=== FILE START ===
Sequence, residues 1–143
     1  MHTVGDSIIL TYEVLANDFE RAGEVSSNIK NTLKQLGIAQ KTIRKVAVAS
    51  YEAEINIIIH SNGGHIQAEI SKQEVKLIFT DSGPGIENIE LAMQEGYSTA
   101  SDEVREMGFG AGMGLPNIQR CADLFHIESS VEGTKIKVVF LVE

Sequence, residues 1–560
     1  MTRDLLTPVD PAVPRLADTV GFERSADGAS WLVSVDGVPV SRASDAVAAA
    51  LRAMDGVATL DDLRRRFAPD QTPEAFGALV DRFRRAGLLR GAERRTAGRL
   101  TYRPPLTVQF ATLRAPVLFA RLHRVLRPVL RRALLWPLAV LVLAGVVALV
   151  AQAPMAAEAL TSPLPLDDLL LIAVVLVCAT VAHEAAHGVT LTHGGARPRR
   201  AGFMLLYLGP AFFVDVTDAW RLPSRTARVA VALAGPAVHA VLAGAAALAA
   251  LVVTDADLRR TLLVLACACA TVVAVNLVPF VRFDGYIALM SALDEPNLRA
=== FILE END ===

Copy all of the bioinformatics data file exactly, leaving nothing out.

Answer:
Sequence, residues 1–143
     1  MHTVGDSIIL TYEVLANDFE RAGEVSSNIK NTLKQLGIAQ KTIRKVAVAS
    51  YEAEINIIIH SNGGHIQAEI SKQEVKLIFT DSGPGIENIE LAMQEGYSTA
   101  SDEVREMGFG AGMGLPNIQR CADLFHIESS VEGTKIKVVF LVE

Sequence, residues 1–560
     1  MTRDLLTPVD PAVPRLADTV GFERSADGAS WLVSVDGVPV SRASDAVAAA
    51  LRAMDGVATL DDLRRRFAPD QTPEAFGALV DRFRRAGLLR GAERRTAGRL
   101  TYRPPLTVQF ATLRAPVLFA RLHRVLRPVL RRALLWPLAV LVLAGVVALV
   151  AQAPMAAEAL TSPLPLDDLL LIAVVLVCAT VAHEAAHGVT LTHGGARPRR
   201  AGFMLLYLGP AFFVDVTDAW RLPSRTARVA VALAGPAVHA VLAGAAALAA
   251  LVVTDADLRR TLLVLACACA TVVAVNLVPF VRFDGYIALM SALDEPNLRA